Check in. Communicate. Listen.

Is the relationship between the individuals one in which all parties can bring their needs, wants and boundaries to the forefront? “This matters because if a partner does not feel listened to or that they are being heard, the consent they are giving may not be authentic and may just be people pleasing,” Rowett explains.

For example, if one person is not having their needs met and doesn’t feel they have the space in their relationship to disclose this, that is not relational consent. For true consent to be given, the dynamic of the partners needs to be rooted in trust and safety.

Someone needs to be fully down to do something sexually for consent to be valid. This is usually where the term “enthusiastic consent” comes into play, which I tend to avoid because it can be rather reductive. The thing is, you can be open to trying something without being balls to the wall excited about it. Not all valid consent is necessarily enthusiastic. For example, we may be willing to try something, but are nervous or shy. This is a normal reaction to new sexual adventures. 

Additionally, we may consent to some things we willingly do sexually for the gratification of the other person. That doesn’t mean that all sexual encounters should be like this, but they do happen. With all this being said, communication is absolutely essential. If someone seems unsure, is silent or says they’re reaching a limit, stop the action entirely and check in with your partner.

6. Awareness of multiple scripts

The point of having multiple scripts is to have other options for play on the table if someone decides the actions they’re engaged in are no longer wanted. Do all people involved have the ability to default to an alternative set of sexual actions (aka a sexual script)?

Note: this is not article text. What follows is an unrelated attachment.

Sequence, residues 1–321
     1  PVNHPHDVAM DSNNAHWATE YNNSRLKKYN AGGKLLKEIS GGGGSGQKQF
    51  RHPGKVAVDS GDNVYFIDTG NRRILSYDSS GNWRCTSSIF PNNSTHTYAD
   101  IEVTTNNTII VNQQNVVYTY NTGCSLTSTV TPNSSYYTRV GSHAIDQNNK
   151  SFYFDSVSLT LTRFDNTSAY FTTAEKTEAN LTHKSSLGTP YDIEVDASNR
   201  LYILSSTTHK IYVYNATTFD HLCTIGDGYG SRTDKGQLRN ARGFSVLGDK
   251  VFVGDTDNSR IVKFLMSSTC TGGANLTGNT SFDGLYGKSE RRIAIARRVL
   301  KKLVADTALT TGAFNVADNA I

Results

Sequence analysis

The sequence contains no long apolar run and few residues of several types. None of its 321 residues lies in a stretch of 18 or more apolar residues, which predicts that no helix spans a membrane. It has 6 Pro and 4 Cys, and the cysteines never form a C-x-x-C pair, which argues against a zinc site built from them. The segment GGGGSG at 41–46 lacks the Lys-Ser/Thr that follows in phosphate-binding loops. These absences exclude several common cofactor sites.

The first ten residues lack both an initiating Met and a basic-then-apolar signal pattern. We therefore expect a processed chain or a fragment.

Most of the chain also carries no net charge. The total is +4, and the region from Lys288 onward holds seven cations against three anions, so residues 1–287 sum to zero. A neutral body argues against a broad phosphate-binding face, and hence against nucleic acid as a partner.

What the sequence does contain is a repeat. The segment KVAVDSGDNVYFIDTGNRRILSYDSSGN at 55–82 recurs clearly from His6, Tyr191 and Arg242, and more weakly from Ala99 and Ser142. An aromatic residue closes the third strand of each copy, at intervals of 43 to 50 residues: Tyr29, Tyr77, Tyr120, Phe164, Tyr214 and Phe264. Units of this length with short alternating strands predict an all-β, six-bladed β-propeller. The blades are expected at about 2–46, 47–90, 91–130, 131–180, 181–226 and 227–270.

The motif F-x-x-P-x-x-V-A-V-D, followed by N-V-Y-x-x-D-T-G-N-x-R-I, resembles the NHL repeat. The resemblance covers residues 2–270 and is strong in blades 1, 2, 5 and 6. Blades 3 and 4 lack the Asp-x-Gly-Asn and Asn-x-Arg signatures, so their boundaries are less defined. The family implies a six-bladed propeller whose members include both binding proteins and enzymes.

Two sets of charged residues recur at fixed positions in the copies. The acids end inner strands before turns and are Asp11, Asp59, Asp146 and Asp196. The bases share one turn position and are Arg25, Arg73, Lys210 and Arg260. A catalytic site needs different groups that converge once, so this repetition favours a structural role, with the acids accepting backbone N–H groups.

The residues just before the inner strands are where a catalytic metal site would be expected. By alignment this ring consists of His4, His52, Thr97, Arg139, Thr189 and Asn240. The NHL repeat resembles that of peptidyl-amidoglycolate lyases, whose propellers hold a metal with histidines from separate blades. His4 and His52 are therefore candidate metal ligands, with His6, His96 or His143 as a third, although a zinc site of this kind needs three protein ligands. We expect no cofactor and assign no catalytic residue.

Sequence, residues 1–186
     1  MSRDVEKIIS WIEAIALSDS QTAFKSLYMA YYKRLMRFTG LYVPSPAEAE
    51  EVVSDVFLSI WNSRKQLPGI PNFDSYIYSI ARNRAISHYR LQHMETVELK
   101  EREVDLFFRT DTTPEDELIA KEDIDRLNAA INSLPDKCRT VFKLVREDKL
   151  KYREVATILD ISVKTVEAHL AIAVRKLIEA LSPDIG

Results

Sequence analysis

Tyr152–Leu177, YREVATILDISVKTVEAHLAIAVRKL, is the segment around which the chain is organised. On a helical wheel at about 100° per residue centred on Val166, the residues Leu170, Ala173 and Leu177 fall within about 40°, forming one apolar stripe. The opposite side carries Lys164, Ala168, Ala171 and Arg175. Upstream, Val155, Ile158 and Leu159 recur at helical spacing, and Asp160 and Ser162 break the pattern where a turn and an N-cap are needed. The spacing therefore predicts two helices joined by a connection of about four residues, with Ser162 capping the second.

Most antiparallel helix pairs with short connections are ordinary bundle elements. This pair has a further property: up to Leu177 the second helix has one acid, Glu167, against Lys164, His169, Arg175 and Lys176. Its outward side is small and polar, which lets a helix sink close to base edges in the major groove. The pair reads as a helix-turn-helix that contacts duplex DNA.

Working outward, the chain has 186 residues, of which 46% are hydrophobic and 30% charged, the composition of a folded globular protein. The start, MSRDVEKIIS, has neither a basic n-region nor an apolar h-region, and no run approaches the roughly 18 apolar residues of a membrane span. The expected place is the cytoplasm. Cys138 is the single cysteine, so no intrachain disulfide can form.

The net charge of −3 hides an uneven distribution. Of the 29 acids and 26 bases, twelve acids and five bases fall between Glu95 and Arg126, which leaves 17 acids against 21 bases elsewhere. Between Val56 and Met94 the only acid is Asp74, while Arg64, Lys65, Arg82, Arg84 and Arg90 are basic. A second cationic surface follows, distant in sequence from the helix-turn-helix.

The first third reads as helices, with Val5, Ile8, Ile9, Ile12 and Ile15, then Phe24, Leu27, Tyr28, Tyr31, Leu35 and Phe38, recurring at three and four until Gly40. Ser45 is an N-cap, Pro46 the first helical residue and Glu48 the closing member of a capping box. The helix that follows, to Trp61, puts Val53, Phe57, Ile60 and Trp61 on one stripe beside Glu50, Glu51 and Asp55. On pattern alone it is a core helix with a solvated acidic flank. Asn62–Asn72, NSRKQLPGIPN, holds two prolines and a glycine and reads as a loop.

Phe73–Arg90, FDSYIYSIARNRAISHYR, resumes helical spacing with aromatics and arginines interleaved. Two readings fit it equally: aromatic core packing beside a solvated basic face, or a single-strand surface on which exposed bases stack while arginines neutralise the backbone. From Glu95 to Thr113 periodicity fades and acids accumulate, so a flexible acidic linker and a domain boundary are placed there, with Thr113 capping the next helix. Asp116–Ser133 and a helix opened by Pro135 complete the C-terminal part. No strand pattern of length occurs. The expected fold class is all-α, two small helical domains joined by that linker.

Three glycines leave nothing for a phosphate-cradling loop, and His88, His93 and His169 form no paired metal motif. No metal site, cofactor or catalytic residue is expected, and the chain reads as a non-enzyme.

For example, if you’re having vaginal intercourse and your partner says, “Can we stop?” or “Can we do something else?” you can easily move into another form of sex (or cuddling, or watching Netflix, etc.). For consent to be valid, all people need to feel they have options outside of a one-act show.

7. Power dynamics

All relationships come with power dynamics that can impact consent. This is related to relational consent because it accounts for the dynamic between individuals. Power dynamics infringe on consent when one person has power over another.

This is what you must consider: Are all parties aware of the cultural, relational and personal power dynamics (and imbalances) within this interaction? Do these dynamics impact a person’s ability to give or revoke consent in a safe way?

Some examples of imbalanced power dynamics can include relationships with your boss, coach, teacher or someone who has control over your finances or livelihood. When this dynamic exists, any sexual relationship that comes out of it is likely to be inherently imbalanced. Therefore, consent is rarely given in a way that doesn’t come with strings attached.

8. Accountability

Should we cross a line and violate someone’s consent (i.e., if we’ve behaved in a non-consensual way), are we able to confront this with the person, apologize and figure out a way to not make this mistake again?

Sex is not perfect and we will make mistakes. The key is being willing to hold yourself accountable and to do what it takes to regain trust. “Negotiating consent isn’t always a clean-cut process, either,” Rowett explains. “There will be misunderstandings, you will feel frustrated, and it will ‘go wrong’ from time to time. Think of it as a messy journey of being a human being rather than reaching the pinnacle of ‘perfect sex.’”

If you cross a boundary, stop what you’re doing immediately and connect with your partner. Figure out together what they need from you to rebuild trust. Humans aren’t perfect, but we can become better people by acknowledging our mistakes, both inside and outside of the bedroom.